In the wake of the most disturbing police coverup conspiracy I’ve ever seen, I questioned whether a local candidate for our next police superintendent, a veteran of this broken NOPD, would be considered a credible leader for the force.
Commenter jeffrey responded to the post:
Do we want a police department that works in the sense that it enforces the law without violating the privacy or dignity of the citizenry? Or do we want one that has “credibility to lead” and that “people trust”? If our goal is to run a competent police department, then obviously there is no reason to exclude competent people from within the ranks. But if our goal is to make a silly political point about “leadership” then maybe part of that point will be, “nobody who has been here their whole lives knows how to do anything right” It’s a popular mantra.
The point is not, as Jeffrey suggests, to make a political stand at the expense of NOPD officers and administrators who do an excellent job and who follow the rules. Perhaps the phrase “credibility to lead” sounds like an inauthentic and vague way to say what I really mean.
I don’t think it took Lt. Michael Loman’s guilty plea to demonstrate it, but clearly, the NOPD has systemic problems.
I do not accept the commonplace excuse that there are a few bad apples when one of our officers is arrested for abetting the drug trade, assault, or rape.
I’m not suggesting that every officer is now under some sort of personal suspicion. I am saying that the department has serious structural flaws that consistently let unqualified candidates or downright bad people be hired and promoted.
Our local police department has been beset by corruption and brutality complaints for decades. It isn’t just that New Orleans has an overwhelming amount violent crime, it’s that our main enforcement agency does not operate with the confidence of the public.
The faith of the public is not just a public-relations luxury; it is critical to fighting crime.
It isn’t just about whether or not an individual has credibility with the public or credibility within the police force as if “credibility” is simply a media construct that will determine whether a hire is viewed favorably or unfavorably. “Credibility” refers to the degree to which citizens trust that the man or woman hired for the job has enough distance from the systemic problems that have eroded that trust in the first place.
You might say that the proof will be in the pudding, that whatever reservations one might have about promoting a high-ranking NOPD official to the role of superintendent will be quickly put to rest once reforms are put into place.
I’m just not willing to take that leap of faith.
I want radical change at this police department that can last. I don’t think you can do that by promoting someone who was trained to implement a failing system. Competence is not the only thing the NOPD needs out of its leader. The NOPD needs a fundamental change in philosophy.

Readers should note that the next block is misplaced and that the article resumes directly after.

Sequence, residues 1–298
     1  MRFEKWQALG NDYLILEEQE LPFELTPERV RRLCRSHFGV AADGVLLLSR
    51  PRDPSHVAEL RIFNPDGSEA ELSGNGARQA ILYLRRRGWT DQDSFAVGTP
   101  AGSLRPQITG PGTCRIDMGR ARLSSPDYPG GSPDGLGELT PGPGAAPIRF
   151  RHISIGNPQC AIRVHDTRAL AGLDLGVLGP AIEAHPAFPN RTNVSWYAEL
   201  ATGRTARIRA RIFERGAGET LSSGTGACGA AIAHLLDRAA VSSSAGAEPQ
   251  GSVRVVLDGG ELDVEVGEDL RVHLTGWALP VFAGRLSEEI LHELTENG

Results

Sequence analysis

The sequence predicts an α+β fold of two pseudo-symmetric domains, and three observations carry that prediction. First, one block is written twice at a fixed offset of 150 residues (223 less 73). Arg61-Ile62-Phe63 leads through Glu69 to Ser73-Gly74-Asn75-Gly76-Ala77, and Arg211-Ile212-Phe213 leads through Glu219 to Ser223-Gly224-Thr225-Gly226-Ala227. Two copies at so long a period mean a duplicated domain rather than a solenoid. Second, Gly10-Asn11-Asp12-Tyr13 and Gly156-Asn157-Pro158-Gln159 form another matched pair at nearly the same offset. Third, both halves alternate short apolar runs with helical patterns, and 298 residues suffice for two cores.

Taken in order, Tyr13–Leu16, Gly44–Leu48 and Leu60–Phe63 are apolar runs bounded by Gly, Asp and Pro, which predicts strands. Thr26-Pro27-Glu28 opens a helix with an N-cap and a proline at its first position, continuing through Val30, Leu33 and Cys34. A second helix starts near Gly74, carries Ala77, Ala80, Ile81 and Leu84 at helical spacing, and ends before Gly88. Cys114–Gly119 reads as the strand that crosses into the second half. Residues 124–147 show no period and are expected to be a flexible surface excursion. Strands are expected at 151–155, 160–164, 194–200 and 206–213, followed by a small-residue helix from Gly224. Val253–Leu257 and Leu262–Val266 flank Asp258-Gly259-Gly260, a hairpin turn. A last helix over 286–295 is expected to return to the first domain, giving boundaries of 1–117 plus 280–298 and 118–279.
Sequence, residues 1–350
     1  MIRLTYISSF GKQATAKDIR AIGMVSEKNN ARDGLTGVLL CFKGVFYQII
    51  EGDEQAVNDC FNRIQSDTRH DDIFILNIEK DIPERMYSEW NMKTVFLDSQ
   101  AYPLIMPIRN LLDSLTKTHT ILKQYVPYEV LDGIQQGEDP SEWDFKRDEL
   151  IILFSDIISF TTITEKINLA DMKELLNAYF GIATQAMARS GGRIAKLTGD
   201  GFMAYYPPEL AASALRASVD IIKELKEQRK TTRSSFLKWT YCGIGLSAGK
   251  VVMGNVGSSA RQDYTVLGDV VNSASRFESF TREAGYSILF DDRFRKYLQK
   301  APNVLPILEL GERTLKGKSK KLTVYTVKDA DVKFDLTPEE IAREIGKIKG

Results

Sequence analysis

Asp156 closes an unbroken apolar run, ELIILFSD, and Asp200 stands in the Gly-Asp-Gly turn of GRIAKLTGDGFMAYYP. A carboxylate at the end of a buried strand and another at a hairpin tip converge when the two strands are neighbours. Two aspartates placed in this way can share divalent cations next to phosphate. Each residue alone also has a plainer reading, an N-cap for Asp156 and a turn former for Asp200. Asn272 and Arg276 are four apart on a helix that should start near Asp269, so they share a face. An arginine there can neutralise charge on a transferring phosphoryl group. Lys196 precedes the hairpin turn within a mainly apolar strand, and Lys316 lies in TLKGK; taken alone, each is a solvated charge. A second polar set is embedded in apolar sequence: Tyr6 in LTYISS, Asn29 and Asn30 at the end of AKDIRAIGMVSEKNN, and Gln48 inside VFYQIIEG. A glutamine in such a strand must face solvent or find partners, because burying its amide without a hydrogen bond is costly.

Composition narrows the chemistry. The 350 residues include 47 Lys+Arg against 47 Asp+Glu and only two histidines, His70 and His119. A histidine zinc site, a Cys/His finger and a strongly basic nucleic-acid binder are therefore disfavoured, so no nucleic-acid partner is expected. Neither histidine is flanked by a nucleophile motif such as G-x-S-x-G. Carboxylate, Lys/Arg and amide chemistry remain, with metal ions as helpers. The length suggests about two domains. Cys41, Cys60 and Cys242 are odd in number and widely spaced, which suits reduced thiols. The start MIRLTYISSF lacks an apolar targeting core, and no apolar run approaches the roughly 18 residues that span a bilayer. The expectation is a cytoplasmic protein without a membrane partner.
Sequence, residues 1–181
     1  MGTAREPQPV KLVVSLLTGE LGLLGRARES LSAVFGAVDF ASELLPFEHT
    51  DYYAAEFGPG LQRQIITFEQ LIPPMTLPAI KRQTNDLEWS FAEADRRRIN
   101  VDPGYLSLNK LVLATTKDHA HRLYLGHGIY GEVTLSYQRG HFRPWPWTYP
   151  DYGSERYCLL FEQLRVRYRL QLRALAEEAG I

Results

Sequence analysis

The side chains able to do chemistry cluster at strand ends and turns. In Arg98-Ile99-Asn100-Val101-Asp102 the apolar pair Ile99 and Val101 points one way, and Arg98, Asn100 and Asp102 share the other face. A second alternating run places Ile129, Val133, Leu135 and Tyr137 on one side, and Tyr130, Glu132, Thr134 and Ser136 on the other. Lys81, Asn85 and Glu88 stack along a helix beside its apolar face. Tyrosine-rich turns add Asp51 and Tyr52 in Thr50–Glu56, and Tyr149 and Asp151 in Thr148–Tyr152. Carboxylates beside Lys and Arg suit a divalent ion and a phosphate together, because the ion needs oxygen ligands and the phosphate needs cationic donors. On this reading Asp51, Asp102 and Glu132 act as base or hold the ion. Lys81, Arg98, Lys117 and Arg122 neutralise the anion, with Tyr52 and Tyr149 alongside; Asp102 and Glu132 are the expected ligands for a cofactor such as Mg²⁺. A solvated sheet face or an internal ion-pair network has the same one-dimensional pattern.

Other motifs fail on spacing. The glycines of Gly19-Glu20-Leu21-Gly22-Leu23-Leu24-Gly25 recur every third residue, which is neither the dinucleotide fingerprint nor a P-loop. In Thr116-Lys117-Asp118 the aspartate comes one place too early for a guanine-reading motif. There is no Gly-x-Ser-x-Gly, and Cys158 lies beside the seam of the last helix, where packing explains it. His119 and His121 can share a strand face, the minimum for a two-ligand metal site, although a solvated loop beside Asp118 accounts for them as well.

Former District Attorney Eddie Jordan went on WBOK radio this morning and called for a federal intervention in the NOPD based on the Danziger Bridge shootings and cover up.
Jordan deserved to lose his job for the incompetence that crippled the district attorney’s office when he was in charge, but he was absolutely right to pursue the officers involved in the shooting.
And he’s absolutely right about the need for the Department of Justice to get involved in the reform of this police force.
The last time that the NOPD was generating national headlines for corruption, brutality, and an inability to lower crime was the early 1990s. With the Department of Justice Civil Rights Division considering a partial take over the NOPD to enforce civil rights standards, then-Mayor Marc Morial hired Richard Pennington as a way to signal that New Orleans was committed to fixing the structural problems at the department. Pennington fired many officers, remade the Internal Affairs Unit, cracked down on moonlighting details, and cut the murder rate in half.
Many of those reforms were not sustained or were not built upon.
And so we find ourselves fifteen years later with the same kind of problems just as Mayor-elect Mitch Landrieu prepares to make his choice for police superintendent.
It is not as though there never will be a time to promote a new superintendent from within. It isn’t as though there are zero officers in the force that might one day prove to be capable superintendents.
But now? At this moment?
No matter whom he hires, Landrieu should consider asking the Department of Justice for their support. But if he simply promotes from within, he might not have to ask.
It isn’t just about the competence and honesty of the potential hire, it’s about problems that may arise from his or her exposure to the systemic problems on this particular force and the lack of exposure to other forces around the country that might provide a positive example for the reforms required here.